• Insured is an occupant of an exempt (from insurance) vehicle
  • Accident does not occur on a public highway
  • Hit and run accident occurs in Yukon, NWT, Nunavut, or USA, and there is no physical contact with the hit and run vehicle
  • Accident occurs in a jurisdiction that does not allow you to sue for your injuries
  • You sue or settle against someone without ICBC’S written agreement

Please contact Veale Law for a free consultation to see if Underinsured Motorist Protection may apply to your ICBC Claim.

Hit and run, and uninsured motorist protection

This component of your Basic Autoplan coverage covers you for up to $200,000.00 for your property damage, injuries or death, but not property damage if the hit and run accident occurs elsewhere in Canada, or in the United States. The coverage is available to every resident of British Columbia, even if you do not own or insure a vehicle. If the amount exceeds $200,000.00, then your Underinsured Motorist Protection, also a component of your Basic Autoplan coverage, may kick in to cover the excess amount, up to $1 million dollars.

With respect to a hit and run accident, it must occur on a “highway” in B.C. The legislative definitions of “highway” in Section 1 of the Transportation Act, and Section 1 of the Motor Vehicle Act, are fortunately quite broad:

  • all public streets, roads, trails, lanes, bridges, trestles, tunnels, ferry landings and approaches, and any other public way
  • every road, street, lane, or right of way designed or intended for or used by the general public for the passage of vehicles
  • every private place or passageway to which the public, for the purpose of the parking or servicing of vehicles, has access or is invited, but does not include an industrial road.

It is important to note that it is incumbent upon the claimant to make all “reasonable efforts” to ascertain the identity of the driver and/or owner of the car that they were stuck by. If a claimant does not do this, their ICBC claim will likely be dismissed.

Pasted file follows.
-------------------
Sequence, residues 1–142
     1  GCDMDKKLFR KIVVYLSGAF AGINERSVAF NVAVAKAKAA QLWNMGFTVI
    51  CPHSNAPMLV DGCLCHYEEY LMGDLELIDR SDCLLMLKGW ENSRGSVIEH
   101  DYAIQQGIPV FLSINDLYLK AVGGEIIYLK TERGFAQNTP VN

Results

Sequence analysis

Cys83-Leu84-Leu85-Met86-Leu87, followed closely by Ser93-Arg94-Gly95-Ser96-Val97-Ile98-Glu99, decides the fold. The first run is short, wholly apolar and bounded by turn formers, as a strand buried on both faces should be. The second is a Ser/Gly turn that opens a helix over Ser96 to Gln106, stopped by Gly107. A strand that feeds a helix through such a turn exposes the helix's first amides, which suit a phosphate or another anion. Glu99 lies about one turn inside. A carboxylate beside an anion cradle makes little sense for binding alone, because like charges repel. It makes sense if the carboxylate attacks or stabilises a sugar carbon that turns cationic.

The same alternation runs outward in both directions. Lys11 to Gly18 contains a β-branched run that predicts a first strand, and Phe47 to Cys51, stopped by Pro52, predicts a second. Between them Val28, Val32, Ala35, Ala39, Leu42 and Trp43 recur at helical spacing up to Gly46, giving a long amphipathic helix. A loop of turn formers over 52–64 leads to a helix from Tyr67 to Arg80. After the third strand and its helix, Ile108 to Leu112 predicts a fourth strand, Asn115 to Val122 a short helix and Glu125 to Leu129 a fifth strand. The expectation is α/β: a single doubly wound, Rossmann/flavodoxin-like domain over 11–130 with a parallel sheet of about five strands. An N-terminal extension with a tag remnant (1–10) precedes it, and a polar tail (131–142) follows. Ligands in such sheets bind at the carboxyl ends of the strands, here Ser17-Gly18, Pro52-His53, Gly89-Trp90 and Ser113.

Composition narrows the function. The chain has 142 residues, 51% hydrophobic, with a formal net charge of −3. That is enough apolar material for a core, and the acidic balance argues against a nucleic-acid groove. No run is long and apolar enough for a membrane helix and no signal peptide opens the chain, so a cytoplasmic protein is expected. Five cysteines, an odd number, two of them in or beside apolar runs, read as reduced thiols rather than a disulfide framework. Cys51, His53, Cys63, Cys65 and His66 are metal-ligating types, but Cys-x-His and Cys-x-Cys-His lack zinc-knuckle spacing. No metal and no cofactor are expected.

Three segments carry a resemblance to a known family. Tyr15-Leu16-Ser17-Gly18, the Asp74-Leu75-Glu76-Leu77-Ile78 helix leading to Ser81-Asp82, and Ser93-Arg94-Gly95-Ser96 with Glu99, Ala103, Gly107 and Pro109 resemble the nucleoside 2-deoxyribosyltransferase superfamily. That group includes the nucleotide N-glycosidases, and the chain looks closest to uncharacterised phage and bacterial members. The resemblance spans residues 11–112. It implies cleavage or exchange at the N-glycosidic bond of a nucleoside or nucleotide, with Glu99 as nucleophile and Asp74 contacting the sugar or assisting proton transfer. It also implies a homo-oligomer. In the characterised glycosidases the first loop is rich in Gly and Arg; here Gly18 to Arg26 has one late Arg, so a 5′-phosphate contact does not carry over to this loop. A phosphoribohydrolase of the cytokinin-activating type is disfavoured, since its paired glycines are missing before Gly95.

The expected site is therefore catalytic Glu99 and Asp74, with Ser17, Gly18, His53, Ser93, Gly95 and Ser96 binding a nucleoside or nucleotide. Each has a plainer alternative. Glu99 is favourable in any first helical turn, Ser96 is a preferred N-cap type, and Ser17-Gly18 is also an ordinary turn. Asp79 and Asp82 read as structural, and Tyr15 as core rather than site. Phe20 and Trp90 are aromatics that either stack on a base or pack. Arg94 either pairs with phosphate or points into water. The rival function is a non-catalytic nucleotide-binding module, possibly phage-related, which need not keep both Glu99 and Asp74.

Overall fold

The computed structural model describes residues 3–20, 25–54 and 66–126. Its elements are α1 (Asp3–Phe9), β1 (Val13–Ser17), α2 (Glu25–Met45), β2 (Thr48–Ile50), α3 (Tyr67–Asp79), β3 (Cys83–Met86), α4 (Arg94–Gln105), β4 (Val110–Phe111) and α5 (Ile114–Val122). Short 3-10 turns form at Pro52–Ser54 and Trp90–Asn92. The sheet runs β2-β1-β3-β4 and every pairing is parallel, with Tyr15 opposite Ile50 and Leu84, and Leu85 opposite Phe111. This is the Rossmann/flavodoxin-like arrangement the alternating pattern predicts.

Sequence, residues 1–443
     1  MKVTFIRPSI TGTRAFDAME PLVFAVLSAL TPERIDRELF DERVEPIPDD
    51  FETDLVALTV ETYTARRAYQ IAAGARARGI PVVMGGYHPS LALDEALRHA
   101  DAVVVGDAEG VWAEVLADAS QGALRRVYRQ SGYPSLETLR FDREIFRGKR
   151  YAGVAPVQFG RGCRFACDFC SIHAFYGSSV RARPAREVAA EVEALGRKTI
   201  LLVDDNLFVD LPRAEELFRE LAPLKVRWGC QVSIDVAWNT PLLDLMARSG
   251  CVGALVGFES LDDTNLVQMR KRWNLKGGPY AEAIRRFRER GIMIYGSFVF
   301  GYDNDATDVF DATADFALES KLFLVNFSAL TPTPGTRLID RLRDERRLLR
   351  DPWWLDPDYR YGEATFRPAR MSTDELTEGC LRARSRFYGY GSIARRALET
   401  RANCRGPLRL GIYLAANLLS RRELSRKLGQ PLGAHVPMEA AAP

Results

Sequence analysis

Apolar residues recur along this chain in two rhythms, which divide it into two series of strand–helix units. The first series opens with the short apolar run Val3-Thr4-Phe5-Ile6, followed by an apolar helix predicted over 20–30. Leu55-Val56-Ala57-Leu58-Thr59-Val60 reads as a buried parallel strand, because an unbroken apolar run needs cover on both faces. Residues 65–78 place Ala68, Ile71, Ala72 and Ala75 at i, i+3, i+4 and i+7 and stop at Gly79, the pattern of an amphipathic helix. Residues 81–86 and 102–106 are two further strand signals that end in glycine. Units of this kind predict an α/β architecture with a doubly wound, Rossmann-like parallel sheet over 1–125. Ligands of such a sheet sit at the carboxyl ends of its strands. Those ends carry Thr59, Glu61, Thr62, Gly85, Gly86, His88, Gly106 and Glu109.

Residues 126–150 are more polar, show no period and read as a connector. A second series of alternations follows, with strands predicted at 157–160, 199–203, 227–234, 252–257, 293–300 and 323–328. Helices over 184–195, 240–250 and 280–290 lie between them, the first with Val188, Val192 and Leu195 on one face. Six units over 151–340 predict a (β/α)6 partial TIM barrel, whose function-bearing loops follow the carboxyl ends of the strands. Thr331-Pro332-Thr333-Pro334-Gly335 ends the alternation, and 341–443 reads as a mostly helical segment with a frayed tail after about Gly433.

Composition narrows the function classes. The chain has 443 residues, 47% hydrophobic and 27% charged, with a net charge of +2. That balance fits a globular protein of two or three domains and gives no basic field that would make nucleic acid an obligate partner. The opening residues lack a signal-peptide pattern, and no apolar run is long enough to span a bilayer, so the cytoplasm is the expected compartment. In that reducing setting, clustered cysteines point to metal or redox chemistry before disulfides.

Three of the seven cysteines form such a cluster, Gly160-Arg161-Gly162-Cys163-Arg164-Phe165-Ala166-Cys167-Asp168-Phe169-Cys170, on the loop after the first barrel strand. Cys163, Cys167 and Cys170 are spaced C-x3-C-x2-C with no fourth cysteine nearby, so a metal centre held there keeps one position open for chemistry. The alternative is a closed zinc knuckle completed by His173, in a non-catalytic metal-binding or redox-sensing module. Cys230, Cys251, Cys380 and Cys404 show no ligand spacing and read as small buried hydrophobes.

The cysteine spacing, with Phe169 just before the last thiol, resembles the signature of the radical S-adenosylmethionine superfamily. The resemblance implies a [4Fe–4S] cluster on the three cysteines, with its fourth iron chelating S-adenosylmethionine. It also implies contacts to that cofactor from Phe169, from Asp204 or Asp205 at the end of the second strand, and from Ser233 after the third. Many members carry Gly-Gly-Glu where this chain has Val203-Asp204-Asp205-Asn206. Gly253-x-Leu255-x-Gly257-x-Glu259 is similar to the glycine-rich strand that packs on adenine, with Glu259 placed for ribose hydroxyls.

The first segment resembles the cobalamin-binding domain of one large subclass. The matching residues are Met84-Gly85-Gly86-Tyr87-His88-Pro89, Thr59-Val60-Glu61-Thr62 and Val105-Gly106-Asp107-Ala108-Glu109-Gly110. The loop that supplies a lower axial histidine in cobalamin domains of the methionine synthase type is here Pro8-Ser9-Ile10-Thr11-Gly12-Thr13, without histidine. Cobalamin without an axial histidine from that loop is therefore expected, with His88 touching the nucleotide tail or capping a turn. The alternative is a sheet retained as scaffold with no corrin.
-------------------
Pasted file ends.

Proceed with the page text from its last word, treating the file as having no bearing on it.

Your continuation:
Some provinces in Canada have funds set up to pay for hit and run and uninsured injury claims. Some of these funds cover injury only, and others may also pay for property damage, however subject to a deductible.
However, the Yukon, Northwest and Nunavut territories, and most of the United States do not have funds of such a nature for hit and run and uninsured injury claims. Basic Autoplan covers you if you are injured or killed in a crash on a highway in any of these jurisdictions, however does not cover damage to your car in such jurisdictions.

Inverse liability coverage

This component of your Basic Autoplan coverage covers you in the event that you are in certain parts of Canada or the United States where you are not allowed to claim against an offending motorist, but only for damage to your vehicle. Further, you are only covered for whatever percentage of the fault was not yours. If you were to have collision coverage, as a form of optional insurance, this would cover the cost of repairing your vehicle, even if you were wholly to blame. However, there would likely be a deductible that you would have to pay if you had collision coverage. Sometimes this deductible can be waived.

What will basic autoplan not cover?

There exist certain circumstances in which ICBC will not provide any coverage to you:

  • Your vehicle is insured in the wrong rate class. For example, if your policy states that you are only using the vehicle six times a month, yet in actuality, you use the vehicle every single day, then you run the risk of ICBC not covering you for anything.
  • Your driver’s licence is not valid because it either expired, or you are currently under a driving suspension.
  • Your insurance coverage was not renewed on time.
  • You are involved in an accident outside of Canada and the United States.
  • You are under the influence of alcohol or drugs at the time of the motor vehicle accident.
  • You let someone driver your car who does not have a valid driver’s licence.
  • You falsely report how the accident actually occurred.
  • You used a vehicle to intentionally cause damage.
  • You were involved in a motor vehicle accident while attempting to avoid the police.